More money could go to some Alaska fishing communities and a little less could go to others under a proposed bill to redistribute revenue from the state's raw fish tax.
Which communities will benefit, which will lose and by what margins remain unclear. But if passed, the tax revision could reap an additional $98,000 for northern Southeast Alaska communities as a whole, based on 2003 tax returns, according to an Alaska Department of Revenue analysis.
The measure, proposed by Rep. Paul Seaton, R-Homer, is an effort to overcome a tax definition that prevents fishing communities from reeling in raw fish tax revenue from fish landed in their ports but processed out of state.
Ports in Homer, Juneau and Wrangell handle a large amount of halibut, troll-caught salmon and black cod that is considered unprocessed by the Department of Revenue - in most cases because the fish is shipped head-on or unfrozen.
"The community loses its tax base," Seaton said at a House Resources Committee hearing on Thursday. The committee is holding the bill for additional analysis.
Communities like Homer, Juneau and Wrangell are among the likeliest to see a major benefit from the proposed bill.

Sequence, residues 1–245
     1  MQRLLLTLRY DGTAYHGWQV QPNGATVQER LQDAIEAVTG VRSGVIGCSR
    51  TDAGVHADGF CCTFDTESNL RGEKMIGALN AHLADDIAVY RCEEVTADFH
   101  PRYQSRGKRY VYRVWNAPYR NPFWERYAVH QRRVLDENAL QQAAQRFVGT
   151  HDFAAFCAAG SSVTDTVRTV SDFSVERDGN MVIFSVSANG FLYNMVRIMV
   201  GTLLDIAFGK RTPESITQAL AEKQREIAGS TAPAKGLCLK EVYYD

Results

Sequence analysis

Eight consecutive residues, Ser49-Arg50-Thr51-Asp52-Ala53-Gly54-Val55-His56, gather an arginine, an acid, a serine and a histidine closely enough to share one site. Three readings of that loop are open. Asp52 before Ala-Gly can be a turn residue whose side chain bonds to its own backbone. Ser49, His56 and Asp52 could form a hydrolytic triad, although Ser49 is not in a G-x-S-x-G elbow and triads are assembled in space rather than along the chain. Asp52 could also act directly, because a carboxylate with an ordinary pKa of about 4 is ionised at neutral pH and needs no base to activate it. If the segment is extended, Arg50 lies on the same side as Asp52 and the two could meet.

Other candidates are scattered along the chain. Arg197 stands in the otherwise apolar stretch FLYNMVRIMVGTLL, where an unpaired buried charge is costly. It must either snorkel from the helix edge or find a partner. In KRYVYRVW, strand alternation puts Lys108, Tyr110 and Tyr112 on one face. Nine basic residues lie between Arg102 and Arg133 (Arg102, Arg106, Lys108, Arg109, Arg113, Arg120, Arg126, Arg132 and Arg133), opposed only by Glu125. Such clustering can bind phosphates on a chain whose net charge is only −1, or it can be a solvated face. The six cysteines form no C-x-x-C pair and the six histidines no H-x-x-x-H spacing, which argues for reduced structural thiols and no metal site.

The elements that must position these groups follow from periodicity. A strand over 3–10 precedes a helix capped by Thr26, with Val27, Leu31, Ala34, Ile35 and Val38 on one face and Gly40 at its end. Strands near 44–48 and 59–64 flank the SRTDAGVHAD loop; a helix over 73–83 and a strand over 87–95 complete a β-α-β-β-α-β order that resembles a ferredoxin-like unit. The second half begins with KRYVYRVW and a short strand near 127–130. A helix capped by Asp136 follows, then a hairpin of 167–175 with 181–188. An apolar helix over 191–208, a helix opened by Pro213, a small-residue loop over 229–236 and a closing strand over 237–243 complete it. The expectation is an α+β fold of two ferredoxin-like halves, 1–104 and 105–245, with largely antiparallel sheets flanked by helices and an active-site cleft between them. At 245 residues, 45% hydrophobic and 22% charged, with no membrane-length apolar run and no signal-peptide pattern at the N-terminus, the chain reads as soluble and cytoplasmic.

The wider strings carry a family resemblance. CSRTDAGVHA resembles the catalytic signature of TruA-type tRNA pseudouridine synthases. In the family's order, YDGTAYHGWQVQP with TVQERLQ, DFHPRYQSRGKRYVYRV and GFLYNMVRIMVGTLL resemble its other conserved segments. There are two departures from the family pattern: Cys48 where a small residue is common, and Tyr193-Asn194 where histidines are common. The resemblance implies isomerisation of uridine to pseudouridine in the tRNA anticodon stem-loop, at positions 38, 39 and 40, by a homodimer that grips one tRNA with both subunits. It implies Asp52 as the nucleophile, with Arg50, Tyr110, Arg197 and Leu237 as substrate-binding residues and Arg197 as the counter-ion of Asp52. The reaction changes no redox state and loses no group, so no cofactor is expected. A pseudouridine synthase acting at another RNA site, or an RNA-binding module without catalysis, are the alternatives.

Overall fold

In terms of new revenue, "I'd say this is a winner for Juneau, without having the specific information," said Bill Rolfzen, a local government specialist with the Alaska Department of Commerce, Community and Economic Development who administers its shared fishery business tax program.
Rolfzen said it is nearly impossible to estimate the potential impact on tax revenue for many cities, due to confidentiality requirements at the Department of Revenue.
To make the tax adjustment, Seaton's bill would redirect about $743,000 in raw fish tax revenue that now goes to the Commerce Department's fish tax revenue sharing program to another revenue sharing program at the state Department of Revenue.
"I can tell (a city) how much it will lose from our program but not how much it will gain from (the Revenue Department)," Rolfzen said.
Rep. Woodie Salmon, D-Beaver, who serves on the committee, said he thinks raw fish tax revenue shouldn't be targeted at fishing communities because it discriminates against Interior Alaska.
Southeast Alaska and statewide fishing groups said Thursday they support the concept of the bill but are waiting for more information before they throw their weight behind it.
"It's a complicated bill," said Kathy Hansen, executive director of the Southeast Alaska Fishermen's Alliance. "I need to know who is going to be harmed on the back side of it."
"I don't think any community is going to lose a lot of money," said Jerry McCune, a board member of the United Fishermen of Alaska. "The state won't really lose any money," he said.
"We're still waiting for the negatives," McCune said.
Elizabeth Bluemink can be reached at elizabeth.bluemink@ juneauempire.com.